ASPIRING applicants are warned against illegal recruitment agencies after operatives from the Criminal Investigation and Detection Group (CIDG) 7 caught three suspects in Barangay Pusok, Lapu-Lapu City yesterday morning.
Supt. Fermin Armendarez, chief of the CIDG-Metro Cebu, said that they conducted an entrapment against personnel of Philjobs Manpower Services, a local recruitment agency.
"This is large-scale illegal recruitment. When our police decoy posed as an applicant to be a driver, they issued receipts under the name of Philjobs, which was not registered in the Department of Labor and Employment (Dole)," Armendarez said.
The suspects were identified as Heide Geraldez, 35; Edmund Sayloon, 33; and Ruth Arcega, 34. They all hail from Mandaue City.
Dole 7 filed a complaint against the three for issuing receipts and making applicants pay P350 up to P800 using an expired permit.
"The agency was monitored since October 2016 when they advertised in a local newspaper. When we verified them, their authority to recruit already expired in 2014," said Atty. Rey Buenafe, chief legal of the Dole 7.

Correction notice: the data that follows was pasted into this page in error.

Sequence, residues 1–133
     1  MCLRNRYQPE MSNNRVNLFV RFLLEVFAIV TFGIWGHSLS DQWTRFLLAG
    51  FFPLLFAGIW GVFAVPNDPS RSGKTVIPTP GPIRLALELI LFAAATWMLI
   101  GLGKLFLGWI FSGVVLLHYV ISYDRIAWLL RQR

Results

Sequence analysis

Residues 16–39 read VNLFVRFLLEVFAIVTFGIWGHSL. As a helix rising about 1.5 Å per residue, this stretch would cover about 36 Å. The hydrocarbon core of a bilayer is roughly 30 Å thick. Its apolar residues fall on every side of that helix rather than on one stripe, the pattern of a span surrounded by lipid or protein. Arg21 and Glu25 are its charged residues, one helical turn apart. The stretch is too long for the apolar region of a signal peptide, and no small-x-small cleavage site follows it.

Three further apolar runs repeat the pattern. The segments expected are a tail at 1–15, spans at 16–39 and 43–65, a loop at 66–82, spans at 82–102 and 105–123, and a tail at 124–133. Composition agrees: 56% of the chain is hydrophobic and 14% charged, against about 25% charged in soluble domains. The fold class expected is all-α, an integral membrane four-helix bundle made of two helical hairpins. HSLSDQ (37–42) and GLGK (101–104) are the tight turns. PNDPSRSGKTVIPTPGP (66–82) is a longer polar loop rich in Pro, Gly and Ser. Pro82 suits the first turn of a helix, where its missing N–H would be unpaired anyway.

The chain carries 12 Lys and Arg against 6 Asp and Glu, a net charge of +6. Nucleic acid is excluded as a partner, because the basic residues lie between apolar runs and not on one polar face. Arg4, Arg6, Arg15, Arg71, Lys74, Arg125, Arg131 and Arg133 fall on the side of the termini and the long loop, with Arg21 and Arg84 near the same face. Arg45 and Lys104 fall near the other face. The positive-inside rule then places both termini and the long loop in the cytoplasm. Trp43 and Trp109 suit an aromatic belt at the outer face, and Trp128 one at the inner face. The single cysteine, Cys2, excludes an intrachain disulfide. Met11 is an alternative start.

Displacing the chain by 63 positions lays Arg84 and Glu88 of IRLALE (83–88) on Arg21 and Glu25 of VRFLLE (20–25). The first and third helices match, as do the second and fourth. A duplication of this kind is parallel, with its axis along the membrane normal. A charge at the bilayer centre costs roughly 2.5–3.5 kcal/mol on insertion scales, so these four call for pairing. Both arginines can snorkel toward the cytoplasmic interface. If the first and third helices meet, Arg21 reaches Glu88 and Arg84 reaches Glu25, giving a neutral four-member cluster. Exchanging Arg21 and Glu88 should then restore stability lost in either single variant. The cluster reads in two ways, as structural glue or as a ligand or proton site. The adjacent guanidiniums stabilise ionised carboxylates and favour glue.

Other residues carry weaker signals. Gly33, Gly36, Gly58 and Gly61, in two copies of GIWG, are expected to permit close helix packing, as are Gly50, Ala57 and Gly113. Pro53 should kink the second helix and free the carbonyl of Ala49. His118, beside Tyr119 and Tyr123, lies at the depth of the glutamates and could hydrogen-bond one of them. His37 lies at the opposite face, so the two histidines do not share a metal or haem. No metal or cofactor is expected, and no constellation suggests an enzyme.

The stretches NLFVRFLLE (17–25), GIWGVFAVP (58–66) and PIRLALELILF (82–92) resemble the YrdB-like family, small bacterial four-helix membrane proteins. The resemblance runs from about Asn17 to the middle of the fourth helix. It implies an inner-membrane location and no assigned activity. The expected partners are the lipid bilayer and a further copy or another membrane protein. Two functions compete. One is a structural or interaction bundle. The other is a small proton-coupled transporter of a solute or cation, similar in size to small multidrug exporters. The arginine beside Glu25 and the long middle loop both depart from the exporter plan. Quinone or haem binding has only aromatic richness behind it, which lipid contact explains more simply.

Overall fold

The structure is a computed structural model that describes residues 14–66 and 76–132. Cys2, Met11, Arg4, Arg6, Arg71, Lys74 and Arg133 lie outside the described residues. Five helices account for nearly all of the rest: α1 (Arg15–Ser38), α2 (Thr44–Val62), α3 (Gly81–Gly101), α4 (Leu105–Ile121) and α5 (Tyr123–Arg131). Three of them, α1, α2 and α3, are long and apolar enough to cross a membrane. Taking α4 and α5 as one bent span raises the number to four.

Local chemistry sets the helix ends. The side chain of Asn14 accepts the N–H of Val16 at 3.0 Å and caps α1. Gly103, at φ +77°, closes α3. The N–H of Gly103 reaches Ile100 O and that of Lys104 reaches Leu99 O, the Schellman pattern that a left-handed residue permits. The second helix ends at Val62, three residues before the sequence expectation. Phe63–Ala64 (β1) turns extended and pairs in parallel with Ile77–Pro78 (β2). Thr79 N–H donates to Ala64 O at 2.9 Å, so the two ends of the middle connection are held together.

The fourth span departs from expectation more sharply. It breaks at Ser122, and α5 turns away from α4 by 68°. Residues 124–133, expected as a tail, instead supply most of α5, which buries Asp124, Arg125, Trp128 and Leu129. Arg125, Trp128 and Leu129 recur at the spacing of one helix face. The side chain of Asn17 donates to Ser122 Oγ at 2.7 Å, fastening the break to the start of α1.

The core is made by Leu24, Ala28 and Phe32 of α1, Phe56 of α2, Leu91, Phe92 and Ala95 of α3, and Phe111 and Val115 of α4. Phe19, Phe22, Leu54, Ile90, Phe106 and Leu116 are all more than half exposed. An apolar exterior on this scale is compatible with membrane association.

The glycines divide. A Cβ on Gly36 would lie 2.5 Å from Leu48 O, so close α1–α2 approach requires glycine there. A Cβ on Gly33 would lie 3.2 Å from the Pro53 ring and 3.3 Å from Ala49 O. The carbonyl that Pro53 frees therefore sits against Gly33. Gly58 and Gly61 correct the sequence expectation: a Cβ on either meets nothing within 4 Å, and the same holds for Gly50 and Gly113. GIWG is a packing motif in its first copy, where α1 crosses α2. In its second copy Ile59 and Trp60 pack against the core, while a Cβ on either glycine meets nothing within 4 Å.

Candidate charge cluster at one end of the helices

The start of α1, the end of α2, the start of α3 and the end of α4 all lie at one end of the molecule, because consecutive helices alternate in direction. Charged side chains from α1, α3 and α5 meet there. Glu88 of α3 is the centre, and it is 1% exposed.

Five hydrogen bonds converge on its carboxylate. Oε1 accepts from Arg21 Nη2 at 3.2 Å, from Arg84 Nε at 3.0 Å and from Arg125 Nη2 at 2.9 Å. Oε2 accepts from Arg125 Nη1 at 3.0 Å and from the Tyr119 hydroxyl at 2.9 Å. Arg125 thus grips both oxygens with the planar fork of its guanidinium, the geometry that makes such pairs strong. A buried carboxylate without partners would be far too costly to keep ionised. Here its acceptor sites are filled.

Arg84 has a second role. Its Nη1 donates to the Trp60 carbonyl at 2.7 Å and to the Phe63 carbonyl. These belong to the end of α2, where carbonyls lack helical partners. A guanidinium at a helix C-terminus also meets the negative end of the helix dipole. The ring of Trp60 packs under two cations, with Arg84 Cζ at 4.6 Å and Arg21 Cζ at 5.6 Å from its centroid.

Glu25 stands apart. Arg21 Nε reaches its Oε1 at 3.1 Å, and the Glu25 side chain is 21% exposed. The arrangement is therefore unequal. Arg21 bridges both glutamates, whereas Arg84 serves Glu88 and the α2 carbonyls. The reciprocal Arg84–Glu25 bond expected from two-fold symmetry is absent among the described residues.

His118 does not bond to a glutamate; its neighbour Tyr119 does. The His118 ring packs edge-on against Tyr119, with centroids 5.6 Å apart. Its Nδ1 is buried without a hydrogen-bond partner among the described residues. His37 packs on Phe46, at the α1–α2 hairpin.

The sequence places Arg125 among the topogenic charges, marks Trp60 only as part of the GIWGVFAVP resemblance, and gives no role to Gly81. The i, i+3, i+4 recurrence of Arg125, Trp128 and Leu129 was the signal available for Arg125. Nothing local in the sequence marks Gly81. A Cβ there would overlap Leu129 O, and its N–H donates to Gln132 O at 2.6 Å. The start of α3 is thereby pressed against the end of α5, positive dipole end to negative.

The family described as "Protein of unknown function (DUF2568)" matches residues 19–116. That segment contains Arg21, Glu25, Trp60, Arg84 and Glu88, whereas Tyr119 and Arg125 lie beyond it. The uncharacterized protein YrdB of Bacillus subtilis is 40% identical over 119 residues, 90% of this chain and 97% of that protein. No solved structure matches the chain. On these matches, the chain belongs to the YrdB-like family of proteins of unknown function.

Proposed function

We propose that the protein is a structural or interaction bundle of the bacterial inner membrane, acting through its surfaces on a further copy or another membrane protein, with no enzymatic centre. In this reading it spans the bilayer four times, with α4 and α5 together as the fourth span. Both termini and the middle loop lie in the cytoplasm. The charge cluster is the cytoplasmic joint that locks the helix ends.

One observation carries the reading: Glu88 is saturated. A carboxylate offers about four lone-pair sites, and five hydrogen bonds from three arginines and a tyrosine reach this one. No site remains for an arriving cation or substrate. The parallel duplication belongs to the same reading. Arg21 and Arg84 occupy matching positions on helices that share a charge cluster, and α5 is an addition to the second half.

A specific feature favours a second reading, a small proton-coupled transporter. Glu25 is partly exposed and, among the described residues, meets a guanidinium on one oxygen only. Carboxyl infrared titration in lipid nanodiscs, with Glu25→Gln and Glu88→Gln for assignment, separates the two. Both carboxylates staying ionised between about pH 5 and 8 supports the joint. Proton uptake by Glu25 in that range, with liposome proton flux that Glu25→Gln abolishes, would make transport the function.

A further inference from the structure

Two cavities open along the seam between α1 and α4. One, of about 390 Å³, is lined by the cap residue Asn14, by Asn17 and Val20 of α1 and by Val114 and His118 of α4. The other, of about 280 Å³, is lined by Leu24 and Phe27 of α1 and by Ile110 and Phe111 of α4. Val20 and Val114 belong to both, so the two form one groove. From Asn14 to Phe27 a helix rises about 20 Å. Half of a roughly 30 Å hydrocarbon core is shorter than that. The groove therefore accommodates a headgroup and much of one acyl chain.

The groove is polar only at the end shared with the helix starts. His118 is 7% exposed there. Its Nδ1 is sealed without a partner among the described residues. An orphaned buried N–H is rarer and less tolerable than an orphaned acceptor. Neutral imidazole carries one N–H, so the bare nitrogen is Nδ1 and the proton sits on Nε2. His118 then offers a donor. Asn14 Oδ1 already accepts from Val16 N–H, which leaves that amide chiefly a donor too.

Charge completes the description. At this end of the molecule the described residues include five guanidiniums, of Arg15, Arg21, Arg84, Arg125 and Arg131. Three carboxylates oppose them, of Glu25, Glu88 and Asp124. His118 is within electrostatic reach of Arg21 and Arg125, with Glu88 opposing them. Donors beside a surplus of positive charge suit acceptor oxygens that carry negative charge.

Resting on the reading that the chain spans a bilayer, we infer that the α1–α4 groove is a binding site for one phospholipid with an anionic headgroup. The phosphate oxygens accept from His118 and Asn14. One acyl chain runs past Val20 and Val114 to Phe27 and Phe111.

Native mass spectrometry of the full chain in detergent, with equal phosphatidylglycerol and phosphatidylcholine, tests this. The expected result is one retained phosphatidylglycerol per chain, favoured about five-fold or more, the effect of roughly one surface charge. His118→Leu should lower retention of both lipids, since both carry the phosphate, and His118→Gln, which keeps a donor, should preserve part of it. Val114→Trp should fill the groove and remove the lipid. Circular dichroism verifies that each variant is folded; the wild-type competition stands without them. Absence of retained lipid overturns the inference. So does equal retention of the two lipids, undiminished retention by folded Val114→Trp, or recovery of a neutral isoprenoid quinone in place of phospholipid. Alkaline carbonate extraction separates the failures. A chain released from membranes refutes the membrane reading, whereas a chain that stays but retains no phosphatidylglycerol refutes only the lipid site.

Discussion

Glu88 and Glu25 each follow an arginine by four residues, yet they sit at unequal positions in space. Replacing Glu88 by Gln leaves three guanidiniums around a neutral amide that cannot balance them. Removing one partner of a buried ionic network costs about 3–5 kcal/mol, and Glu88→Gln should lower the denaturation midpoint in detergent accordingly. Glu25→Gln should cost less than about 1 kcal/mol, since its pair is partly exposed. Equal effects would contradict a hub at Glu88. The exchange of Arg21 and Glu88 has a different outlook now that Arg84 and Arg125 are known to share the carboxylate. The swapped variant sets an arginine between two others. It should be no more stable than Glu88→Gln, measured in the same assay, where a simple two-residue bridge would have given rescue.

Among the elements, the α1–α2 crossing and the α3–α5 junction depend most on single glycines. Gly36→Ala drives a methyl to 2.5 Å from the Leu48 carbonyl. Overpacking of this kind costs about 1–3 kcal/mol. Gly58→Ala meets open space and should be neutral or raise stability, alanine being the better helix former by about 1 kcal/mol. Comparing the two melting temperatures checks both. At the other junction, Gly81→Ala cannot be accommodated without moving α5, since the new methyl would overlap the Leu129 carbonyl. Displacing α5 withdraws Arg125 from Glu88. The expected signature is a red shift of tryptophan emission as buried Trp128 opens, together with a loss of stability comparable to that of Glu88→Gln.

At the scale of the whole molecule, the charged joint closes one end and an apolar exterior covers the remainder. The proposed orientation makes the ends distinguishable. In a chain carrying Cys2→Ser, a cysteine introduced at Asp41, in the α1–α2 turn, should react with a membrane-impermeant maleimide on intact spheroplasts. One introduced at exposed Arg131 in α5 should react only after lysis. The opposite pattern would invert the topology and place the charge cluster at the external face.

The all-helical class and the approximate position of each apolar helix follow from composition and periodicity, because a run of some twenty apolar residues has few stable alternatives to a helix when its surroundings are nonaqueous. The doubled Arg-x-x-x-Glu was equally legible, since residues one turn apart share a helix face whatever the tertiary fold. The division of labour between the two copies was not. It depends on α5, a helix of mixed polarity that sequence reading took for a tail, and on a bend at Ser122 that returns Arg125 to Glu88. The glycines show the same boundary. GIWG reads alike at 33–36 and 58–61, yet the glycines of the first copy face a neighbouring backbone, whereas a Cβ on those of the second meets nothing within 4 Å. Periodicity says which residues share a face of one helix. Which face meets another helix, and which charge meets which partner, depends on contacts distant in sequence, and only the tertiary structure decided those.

Buenafe said they have yet to verify if the applicants who sought the services of Philjobs were given actual jobs because the complaints they received accused the agency of asking for certain amounts from applicants without giving them the positions they applied for.
The agency has invited Felipe Retobado Jr., Philjobs' registered owner, for questioning.
Buenafe said that they are processing the closure order against Philjobs and they expect to implement it this week.
Geraldez, Sayloon and Arcega will be charged with violating Republic Act 8042, which penalizes persons who engage in illegal recruitment. It is a non-bailable offense.
Buenafe encouraged other victims to file a formal complaint at their office.
Dole 7 Director Exequiel Sarcauga said that illegal recruitment is a criminal offense, but it’s up to the CIDG to file additional charges, if there are any.
Sarcauga said that based on their records, Philjobs was registered as a recruitment agency, but its permit expired in 2012 yet. It reportedly continued to supply job applicants to a registered recruitment agency.
“It seems they raked huge sums of money since 2012 because the labor laws compliance officers, who validated and evaluated the complaints, found out that it collected an average of P11,000 per day from unsuspecting job applicants, several of whom were not hired,” he said.